The important thing to watch out for in Terms of Service, and it’s the same as we’ve talked about for contests, is that whatever they do (or allow third parties to do) with the images should be in the context of the service itself, not to re-license or otherwise commercialize the images to other parties (or even the main company itself) outside of the context they’re posted for.
Certain people have argued that uploading your photos to Google+ may hurt your ability in the future to sell exclusive licenses to images. If that’s what you’re worried about, it’s probably safer to keep your photographs off the Internet completely, since every content sharing service on the Internet requires at least a license to display your photos using their service.
At what point does inspiration turn into plagiarism? That’s the question that popped up last year when Rhianna was sued by David LaChapelle over scenes found in one of her music videos, and it’s the same issue with a lawsuit recently filed by photographer Janine Gordon against photographer Ryan McGinley. Gordon claims that 150 of McGinley’s images — including some used for a Levi’s ad campaign — are “substantially based” on her photos. In the three pairs of disputed images shown above, the ones on the left are by Gordon and the ones on the right by McGinley. Read more…
When we shared the story of how monkeys hijacked photographer David Slater’s camera and unwittingly snapped some self-portraits, we asked the question “doesn’t the monkey technically own the rights to the images?” Techdirt, a blog that often highlights copyright issues, went one step further and dedicated a whole post to that question. Read more…
The legal battle between photographer Mike Hipple and sculptor Jack Mackie over a photo of Mackie’s public art piece “Dance Steps on Broadway” has ended with Hipple paying a settlement out of court. Mackie writes,
Anyone can make photographs of any public art and do most anything they want with the photograph. Private photos are most likely not infringements. People can frame them and give them to their uncles and aunts as gifts, they can post them on their facebook pages, or they can make Valentines with them and give them away. What they can not do, and this was the basis for the lawsuit, is offer to commercially sell them, which Mr. Hipple did, at least twice.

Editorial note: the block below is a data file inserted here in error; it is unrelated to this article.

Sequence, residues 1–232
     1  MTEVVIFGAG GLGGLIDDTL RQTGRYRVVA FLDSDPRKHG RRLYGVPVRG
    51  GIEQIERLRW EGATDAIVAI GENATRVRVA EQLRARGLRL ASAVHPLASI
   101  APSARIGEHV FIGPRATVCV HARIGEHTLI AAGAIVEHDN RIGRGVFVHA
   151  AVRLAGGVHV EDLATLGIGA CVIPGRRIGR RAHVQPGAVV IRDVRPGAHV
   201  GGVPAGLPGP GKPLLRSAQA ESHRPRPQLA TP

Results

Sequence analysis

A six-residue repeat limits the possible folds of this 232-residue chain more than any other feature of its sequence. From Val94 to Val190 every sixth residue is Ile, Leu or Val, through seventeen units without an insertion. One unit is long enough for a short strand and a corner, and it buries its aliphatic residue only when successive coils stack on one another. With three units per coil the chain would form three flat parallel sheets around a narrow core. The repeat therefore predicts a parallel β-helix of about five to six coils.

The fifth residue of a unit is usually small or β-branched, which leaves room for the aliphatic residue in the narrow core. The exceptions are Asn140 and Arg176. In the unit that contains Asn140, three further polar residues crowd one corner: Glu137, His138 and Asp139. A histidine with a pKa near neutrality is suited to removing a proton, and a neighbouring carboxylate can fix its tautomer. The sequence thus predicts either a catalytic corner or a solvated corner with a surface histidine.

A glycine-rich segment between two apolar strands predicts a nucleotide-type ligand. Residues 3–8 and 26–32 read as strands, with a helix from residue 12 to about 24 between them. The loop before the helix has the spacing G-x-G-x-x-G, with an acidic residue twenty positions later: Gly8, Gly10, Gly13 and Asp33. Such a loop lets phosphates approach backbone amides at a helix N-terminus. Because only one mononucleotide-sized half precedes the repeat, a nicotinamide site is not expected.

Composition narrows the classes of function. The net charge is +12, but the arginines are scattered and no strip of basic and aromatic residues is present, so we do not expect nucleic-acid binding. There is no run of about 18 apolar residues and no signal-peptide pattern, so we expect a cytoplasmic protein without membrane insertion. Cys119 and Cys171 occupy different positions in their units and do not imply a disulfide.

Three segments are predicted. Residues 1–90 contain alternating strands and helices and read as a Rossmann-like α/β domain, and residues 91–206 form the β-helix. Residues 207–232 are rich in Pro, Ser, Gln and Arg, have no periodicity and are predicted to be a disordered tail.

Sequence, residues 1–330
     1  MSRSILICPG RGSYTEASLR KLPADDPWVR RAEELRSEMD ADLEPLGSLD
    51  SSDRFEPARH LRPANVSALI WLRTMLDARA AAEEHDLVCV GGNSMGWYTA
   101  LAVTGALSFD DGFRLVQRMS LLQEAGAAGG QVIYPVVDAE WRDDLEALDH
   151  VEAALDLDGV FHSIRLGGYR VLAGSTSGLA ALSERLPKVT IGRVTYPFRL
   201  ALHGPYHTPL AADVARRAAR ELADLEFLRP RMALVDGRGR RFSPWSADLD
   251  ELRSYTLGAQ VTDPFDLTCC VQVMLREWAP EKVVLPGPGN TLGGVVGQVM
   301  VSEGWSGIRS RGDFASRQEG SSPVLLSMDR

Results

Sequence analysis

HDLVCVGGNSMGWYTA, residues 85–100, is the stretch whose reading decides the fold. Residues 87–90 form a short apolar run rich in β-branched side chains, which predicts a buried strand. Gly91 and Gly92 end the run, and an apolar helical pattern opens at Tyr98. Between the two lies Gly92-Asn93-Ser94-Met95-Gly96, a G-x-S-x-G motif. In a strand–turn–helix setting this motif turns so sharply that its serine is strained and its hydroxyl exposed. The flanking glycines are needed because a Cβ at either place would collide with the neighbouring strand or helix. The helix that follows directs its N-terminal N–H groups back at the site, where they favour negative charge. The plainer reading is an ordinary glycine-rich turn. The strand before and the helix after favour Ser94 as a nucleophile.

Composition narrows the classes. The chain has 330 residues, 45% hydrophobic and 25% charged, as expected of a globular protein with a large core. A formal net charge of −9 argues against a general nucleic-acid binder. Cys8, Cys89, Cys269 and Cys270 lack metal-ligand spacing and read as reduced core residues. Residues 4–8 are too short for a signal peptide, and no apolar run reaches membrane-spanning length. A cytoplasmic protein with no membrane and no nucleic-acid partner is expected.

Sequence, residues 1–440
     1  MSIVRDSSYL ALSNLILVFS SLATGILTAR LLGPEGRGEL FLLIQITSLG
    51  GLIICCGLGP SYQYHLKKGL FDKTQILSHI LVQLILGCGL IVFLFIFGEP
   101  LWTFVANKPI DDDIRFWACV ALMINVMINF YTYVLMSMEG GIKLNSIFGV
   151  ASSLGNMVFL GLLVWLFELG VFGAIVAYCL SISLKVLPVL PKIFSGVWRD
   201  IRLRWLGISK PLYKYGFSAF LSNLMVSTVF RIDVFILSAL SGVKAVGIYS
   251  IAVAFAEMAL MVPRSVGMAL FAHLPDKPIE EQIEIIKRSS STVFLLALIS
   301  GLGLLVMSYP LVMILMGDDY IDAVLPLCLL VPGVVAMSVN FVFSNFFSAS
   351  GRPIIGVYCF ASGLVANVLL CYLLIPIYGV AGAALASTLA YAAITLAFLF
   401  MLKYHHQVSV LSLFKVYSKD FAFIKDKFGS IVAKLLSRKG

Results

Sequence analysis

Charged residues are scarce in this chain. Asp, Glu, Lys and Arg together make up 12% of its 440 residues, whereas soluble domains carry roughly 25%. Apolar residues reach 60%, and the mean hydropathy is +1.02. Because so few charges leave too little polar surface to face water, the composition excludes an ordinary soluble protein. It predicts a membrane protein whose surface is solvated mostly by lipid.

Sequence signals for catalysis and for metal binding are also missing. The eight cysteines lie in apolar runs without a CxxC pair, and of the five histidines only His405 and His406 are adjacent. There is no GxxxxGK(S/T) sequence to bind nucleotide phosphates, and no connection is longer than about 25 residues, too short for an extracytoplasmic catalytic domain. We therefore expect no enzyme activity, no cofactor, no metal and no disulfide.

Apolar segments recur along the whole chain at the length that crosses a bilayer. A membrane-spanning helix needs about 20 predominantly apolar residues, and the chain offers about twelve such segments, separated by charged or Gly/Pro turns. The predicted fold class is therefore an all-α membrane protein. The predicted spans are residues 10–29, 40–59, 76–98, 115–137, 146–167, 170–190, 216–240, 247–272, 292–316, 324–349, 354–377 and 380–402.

[...] The legal issues surrounding this case have always been clear and obvious. Instead of acceding to the clarity of the law, Mr. Hipple attempted numerous defenses. Mr. Hipple pleaded that because my art work is popular I should no longer be allowed to hold copyright. Tell that to Walt Disney. Mr. Hipple pleaded that one can not copyright public art. Tell that to the US Registrar of Copyrights. Mr. Hipple claimed that my art work is “instructional” and that his photograph “depicts dancing.” Taking him up on this argument we produced an image of his photograph containing my Dance Steps juxtaposed to an image of his carefully posed shoe model on a blank sidewalk [shown above]. Does his image without the Steps “depict dancing?” You decide.
Turns out turning photographs into stencils isn’t transformative enough to be defended as “fair use”. In a case that has many similarities to the Shepard Fairey vs. AP legal battle, a judge ruled earlier this week against graffiti artist Thierry Guetta after Guetta (AKA Mr. Brainwash) had used a “stencil-ized” photo of Run DMC by Glen E. Friedman to promote an exhibition, concluding that Guetta’s piece didn’t differ enough from the original image to be considered fair use.
What are your thoughts on this issue? How much does a photograph need to be transformed before it is considered a new piece of art?